The first feature-complete version of Windows XP is a winner
Windows XP has finally entered that final, almost boring, stage of development, where the product doesn't change that much from build to build, but bugs are squashed, the user interface is refined, and small visual changes are added in a bid to improve its fit and finish. Since the release of Windows XP Beta 2 in late March, very little has changed: The product is still a world-class upgrade to both Windows 9x/Me and Windows NT/2000, and most of the improvements are subtle rather than monumental.
With that in mind, this review will focus on what's changed since Beta 2. For more information about Windows XP, I recommend checking out the numerous other articles I've written.
OK, let's take a look at what's new in RC1! <% ' Added so can inventory as Connected Home articles. kw = "CH" %>
User interface and shell
Visual changes to Windows XP RC1 encompass two areas--the somewhat artistic choices of icons, color schemes, and graphical elements; and the general streamlining of the user interface, where clutter is reduced and the overall look and feel is tweaked and improved. Windows XP just looks better than previous versions of Windows and it makes it easier to accomplish tasks by exposing functionality directly in the shell. For RC1, Microsoft has simply improved on the interface jihad that was first seen in Beta 2.
The changes are first obvious when you install Windows XP: The Setup routine (Figure) has been overhauled and branded with Windows XP logos and marketing information. The boot logo has been branded as well (Figure), with a new pulsating progress bar. And the Welcome screen has been tweaked a bit with an animated, waving Windows flag.
Once you to logon to the system, a number of other small changes are apparent. The desktop is now completely devoid of icons, other than the Recycle Bin, and the Quickstart bar--previously on by default in the Professional Edition--is now off by default (Figure). The effect is extremely clean and streamlined. Both Home Edition and Professional have a new Windows XP wallpaper image--Home's is green (Figure), while Pro's is a blue-gray color (Figure).
The Start Menu is now stocked with a number of default application shortcuts, including Windows Media Player, MSN Explorer, Windows Movie Maker, Tour Windows XP, and Files and Settings Transfer Wizard (Figure). One empty spot is reserved for the first application you actually run, but curiously, the Microsoft-placed shortcuts don't remove themselves at all, or for a long period of time, which I find a bit dishonest. (Note: OEM installs--such as those performed by a PC maker--will have three open slots so that the PC maker can add shortcuts to their own application bundles). New additions to the Start Menu include Recent Documents and Printers and Fax, which was added at the request of corporate testers.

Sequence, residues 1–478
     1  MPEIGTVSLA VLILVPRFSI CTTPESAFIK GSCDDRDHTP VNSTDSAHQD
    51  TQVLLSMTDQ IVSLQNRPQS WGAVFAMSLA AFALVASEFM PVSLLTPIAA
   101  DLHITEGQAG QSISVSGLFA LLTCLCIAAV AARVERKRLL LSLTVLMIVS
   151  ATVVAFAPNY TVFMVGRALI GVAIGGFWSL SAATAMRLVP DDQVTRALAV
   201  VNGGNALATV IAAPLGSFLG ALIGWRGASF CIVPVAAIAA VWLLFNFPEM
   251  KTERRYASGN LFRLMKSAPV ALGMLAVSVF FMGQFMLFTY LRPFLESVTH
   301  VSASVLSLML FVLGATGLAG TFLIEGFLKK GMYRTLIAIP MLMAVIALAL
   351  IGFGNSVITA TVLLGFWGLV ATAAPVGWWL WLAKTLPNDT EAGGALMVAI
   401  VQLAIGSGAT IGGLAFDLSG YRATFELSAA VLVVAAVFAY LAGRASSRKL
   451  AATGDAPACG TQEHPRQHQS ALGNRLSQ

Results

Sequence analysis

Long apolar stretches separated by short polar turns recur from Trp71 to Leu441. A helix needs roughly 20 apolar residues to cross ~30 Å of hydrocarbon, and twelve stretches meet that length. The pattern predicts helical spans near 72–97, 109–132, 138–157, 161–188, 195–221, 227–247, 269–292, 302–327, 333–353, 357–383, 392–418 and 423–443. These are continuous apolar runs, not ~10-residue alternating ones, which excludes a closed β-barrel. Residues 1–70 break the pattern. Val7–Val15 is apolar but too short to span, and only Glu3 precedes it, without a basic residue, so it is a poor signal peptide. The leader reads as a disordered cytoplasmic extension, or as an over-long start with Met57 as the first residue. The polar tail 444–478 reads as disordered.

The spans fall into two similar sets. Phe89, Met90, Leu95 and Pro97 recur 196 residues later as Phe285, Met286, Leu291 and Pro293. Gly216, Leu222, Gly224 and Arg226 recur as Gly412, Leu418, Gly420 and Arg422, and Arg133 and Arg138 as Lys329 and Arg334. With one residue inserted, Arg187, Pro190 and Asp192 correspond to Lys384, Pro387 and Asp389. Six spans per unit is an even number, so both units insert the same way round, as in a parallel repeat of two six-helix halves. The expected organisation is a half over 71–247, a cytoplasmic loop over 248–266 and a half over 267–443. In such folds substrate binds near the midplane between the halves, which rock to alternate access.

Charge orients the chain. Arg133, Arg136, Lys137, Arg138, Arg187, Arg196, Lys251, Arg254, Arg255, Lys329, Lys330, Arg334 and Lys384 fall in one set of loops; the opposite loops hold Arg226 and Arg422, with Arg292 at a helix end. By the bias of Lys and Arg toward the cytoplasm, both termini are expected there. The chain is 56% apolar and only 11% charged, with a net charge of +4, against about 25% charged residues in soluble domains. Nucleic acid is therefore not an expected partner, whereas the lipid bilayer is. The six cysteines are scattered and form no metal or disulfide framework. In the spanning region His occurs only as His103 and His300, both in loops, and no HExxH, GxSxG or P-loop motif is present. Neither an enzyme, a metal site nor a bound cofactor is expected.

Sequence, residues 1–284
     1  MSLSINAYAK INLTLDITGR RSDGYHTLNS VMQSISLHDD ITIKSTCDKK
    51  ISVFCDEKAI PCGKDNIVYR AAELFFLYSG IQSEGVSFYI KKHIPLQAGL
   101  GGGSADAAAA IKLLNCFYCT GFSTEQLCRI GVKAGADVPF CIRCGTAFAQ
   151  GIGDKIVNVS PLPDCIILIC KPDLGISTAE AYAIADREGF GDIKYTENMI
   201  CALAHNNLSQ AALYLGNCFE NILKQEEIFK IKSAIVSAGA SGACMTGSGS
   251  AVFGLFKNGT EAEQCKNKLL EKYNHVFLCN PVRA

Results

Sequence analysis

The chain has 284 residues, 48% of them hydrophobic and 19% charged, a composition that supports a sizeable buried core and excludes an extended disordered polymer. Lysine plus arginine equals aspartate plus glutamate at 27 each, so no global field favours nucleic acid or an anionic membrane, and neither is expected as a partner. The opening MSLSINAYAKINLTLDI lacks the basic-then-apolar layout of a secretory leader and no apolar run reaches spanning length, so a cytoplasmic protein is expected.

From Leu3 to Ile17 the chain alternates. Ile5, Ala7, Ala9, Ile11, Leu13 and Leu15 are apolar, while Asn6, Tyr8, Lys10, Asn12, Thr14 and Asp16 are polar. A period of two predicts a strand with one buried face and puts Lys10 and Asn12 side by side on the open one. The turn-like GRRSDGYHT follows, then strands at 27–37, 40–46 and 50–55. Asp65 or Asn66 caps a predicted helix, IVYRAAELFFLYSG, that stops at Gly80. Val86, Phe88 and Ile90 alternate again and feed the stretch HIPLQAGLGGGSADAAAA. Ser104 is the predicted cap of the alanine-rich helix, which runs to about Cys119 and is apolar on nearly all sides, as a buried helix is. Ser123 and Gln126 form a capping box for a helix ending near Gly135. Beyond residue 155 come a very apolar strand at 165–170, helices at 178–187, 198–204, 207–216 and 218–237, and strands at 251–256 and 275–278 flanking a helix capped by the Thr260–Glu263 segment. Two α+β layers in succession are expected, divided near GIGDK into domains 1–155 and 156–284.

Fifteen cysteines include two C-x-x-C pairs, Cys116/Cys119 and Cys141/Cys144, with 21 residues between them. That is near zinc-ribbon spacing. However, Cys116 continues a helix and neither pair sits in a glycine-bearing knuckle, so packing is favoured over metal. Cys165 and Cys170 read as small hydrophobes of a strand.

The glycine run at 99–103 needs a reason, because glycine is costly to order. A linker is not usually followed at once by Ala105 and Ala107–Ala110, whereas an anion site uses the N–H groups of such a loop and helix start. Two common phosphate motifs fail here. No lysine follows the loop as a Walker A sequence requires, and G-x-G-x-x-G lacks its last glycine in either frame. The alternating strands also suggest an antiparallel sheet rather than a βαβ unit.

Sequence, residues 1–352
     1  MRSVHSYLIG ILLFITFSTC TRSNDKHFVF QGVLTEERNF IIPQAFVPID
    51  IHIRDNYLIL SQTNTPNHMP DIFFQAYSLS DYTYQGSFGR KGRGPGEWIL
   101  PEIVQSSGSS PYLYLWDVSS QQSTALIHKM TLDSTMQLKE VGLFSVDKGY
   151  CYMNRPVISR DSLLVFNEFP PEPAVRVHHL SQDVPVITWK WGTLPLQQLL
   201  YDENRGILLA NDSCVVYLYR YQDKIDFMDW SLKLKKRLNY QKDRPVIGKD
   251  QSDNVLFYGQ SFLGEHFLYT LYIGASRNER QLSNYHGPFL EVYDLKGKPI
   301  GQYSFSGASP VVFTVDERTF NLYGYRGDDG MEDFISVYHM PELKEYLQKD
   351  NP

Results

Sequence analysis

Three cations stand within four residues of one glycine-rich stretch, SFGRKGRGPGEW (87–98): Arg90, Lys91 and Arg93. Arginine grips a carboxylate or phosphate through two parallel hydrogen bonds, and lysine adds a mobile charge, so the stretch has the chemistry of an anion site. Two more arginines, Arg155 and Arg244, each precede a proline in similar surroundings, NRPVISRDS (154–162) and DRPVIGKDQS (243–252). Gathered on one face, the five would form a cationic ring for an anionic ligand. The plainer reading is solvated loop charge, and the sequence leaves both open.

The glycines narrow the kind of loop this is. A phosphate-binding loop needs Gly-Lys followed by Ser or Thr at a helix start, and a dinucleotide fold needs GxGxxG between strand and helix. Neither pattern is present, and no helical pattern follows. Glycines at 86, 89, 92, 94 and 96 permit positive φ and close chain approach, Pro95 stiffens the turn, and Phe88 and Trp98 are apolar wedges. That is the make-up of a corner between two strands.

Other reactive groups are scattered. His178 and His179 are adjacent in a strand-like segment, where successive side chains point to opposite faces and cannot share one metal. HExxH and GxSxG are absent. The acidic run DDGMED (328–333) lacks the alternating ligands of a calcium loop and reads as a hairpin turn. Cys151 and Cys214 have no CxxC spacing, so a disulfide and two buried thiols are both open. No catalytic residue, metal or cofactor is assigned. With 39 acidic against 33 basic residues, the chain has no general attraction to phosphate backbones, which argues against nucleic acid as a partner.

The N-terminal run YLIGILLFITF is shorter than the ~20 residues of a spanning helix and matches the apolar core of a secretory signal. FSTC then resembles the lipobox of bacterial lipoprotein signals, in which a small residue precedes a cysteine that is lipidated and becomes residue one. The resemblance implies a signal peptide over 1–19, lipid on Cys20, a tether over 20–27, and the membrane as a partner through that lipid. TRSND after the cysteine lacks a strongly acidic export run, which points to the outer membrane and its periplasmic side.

Throughout the shell, there are attractive new icons, and the last vestiges of old icons--some of which dated back to Windows 3.1--are finally removed. A new Windows XP Tour advertises itself when you sign on the first time (Figure); the tour offers a Flash-based animated version (Figure) as well as a static HTML version (Figure).
Taskbar buttons have been changed to more closely resemble actual buttons, in response to suggestions from testers (Figure). And when a window needs to send a notification, its taskbar button turns orange (Figure); in Beta 2, only the top portion of the button would change color. The new color change is effective and non-intrusive.
Bowing to complaints from testers, Microsoft has provided two new "visual appearances" (a term that doesn't actually appear in the UI; this is how Microsoft described it to me, though the term "color variations" was also used. One wonders that Microsoft has yet to settle on the terminology for this feature.) The new appearances supplement the default Windows XP visual style (Luna), rather than replace it: Instead of offering an entirely new look and feel, the new visual appearances are basically just differently colored versions of the default UI. So the "Olive Green" appearance (Figure) is exactly what it sounds like--a drab, olive green-colored UI. And the other appearance, "Silver," offers a metallic look and feel; this one is marginally attractive (Figure) . But the overall quality of these two appearances is poor, leading me to wonder why the company didn't include other color schemes. The answer is that more color schemes (or visual appearances, if you prefer) will be available on the Web and via the Windows XP Plus! pack, around the time that Windows XP ships in October. A number of other visual appearances--such as Ruby and Emerald--were in development but didn't make it in time for the RC1 feature-set lockdown.